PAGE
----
Phoebe Lin
Case Study

Creating an Empowering Student Experience

Timeline: Jan - May 2018

Role: UX Designer

Team: 1 UX Designer (me), 1 Product Manager, Tech Lead and 2 Software Developers

The Challenge

Empowering Students


SchoolCity bridges the gap between instruction, assessment, and data analytics with features for teachers to track student progress in real time and for schools and districts to gain insights through reports. We work closely with educators at every level -- teacher, school, and district -- to deliver a seamless experience. However, our platform provided limited opportunities for students to understand the context of their own learning.

I was part of a project to design the student experience. Aside from allowing students to complete assignments and take assessments, we wanted to provide a space for students to feel empowered and take agency over their own learning. 

Our high level goals were to:

  1. Give students knowledge about their progress
  2. Make it fast and easy for students to understand their expectations
  3. Create a platform for engagement

My Role

I led the design of the student experience between January and May 2018 and was the sole UX designer. I collaborated with a Product Manager, Tech Lead, and 2 Software Developers.


The Process

Discovery

Insights from the Field

At the outset of the project, we had a general vision but didn’t have specific goals for the student experience. In order to gather potential user insights, we spoke directly with educators to explore what was missing for students (unfortunately, we were not able to speak to students themselves, so we went for the next best demographic).

We spoke with teachers and curriculum developers during a teacher training. Our goals were to understand what students needed and what challenges they faced.


Synthesis

Overwhelmed by Expectations

The number of standards, or expectations, students are expected to meet are enormous -- expectations for each year, each subject, and each assessment. Even if students do know the expectations, they have no idea which part of the assessments correspond to which expectations.

Lack of Progress Transparency

Students receive quarter and semester grade reports, but felt in the dark about where they stand in terms of personal progress. Students wondered, “Am I falling behind? What should I focus on?”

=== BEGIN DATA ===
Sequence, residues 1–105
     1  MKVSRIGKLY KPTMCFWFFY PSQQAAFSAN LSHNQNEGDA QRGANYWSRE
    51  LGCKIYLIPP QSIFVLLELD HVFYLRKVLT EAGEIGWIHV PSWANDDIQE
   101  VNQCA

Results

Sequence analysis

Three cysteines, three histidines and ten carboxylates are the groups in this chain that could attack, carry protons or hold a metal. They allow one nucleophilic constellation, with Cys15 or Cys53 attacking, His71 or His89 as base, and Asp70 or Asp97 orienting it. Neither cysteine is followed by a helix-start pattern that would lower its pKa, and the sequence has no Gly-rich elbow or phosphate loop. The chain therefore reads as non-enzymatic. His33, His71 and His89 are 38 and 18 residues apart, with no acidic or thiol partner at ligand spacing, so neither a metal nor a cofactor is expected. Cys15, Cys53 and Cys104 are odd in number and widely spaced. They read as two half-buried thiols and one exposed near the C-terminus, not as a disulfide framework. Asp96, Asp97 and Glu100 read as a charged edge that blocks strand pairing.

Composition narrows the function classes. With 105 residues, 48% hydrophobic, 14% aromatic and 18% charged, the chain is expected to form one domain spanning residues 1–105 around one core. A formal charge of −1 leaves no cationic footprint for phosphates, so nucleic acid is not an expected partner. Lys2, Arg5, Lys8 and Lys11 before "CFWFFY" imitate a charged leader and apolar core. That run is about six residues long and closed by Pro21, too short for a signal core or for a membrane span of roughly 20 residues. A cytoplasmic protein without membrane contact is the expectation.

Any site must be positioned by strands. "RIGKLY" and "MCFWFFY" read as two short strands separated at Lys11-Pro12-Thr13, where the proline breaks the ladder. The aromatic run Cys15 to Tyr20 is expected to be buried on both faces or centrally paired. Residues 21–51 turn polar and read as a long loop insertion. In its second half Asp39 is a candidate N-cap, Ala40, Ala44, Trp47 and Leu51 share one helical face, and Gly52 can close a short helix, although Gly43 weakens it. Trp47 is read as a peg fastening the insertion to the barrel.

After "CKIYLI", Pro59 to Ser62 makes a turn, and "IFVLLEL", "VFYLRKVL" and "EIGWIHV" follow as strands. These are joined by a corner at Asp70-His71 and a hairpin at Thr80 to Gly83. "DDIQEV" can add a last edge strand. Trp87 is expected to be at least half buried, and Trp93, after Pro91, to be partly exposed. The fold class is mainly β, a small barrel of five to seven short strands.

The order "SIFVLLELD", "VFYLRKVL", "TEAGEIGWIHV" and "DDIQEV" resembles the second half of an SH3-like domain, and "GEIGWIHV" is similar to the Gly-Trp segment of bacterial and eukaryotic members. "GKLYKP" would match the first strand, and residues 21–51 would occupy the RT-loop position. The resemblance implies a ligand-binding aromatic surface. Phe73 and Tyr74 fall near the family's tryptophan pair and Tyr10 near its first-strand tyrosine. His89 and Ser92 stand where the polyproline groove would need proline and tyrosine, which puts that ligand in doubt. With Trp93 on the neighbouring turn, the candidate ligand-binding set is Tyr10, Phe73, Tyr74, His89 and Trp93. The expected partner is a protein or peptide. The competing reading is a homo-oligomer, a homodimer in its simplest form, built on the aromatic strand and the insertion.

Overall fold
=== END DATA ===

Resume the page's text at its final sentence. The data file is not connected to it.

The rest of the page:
Introducing the Student Portal


How We Got There

Creating an Empowering Learning Experience

Existing practices provide little information to students about how they’re doing in school, and with that, they are unable to form any solid achievement plans of their own. They are confused by what expectations and want to know where they stand.

This helped us frame the problem better: how might we help students understand how they’re being assessed, highlight their strengths and weaknesses, and give them actionable feedback?


First Iteration

Two primary questions informed my design strategy:

  1. What contexts need to be considered?
  2. What is empowering?

Naturally, most students (and educators and parents) interacted with our product in a web browser. However, students also frequently printed out grade reports, so readability with good spread of information was crucial.

Knowledge is power. Unlike before where expectations were just numbers, we now show students what those expectations mean. Students connect which questions correspond with which expectations, and they know exactly which expectations they need to work on more. Being able to take charge of one’s own progress in learning is empowering.

Being able to take charge of one’s own progress in learning is empowering.

Before: Students viewed their scores yet had no context what those scores meant or what each expectation was supposed to teach. What did Expectation 5.3a test for?
After: Students could view a dropdown with more details about the Expectation. These expectations were pulled from curriculum standards and are correlated with assessments that the teacher assigns to the student.

New Insights from Testing

We tested the prototype with a few users to gather some new insights. Turns out, students still struggled with knowing what to work on. We realized what they needed was feedback on each individual question and more detail about their scores for each expectation. This meant creating custom “correct answer” and “your answer” type interaction for each assessment type.

This was a challenge because there are 13 different assessment types. By using fewer words and more visuals (use of color), we were able to make the design scale.

For example, a custom response (CR) assessment item shows what score the student received and which questions the student answered incorrectly, with an attached rubric for reference.

A Graphing Line (GL) assessment item shows exactly which lines were incorrectly drawn and which is the correct answer.

Outcomes

While we did not come up with specific metrics for this project, we were able to hear how this experience impacted students from several educators. Our account managers who regularly connect with district administrators and teachers relayed back to us that they loved the new student portal, “This is exactly what we want students to have access to. Letting students go back through their assessments based on which expectations they’re weaker in...that is really helpful.” An unexpected benefit came from the parents, “they printed out this report and gave it to me, and I knew exactly what they were struggling in.”

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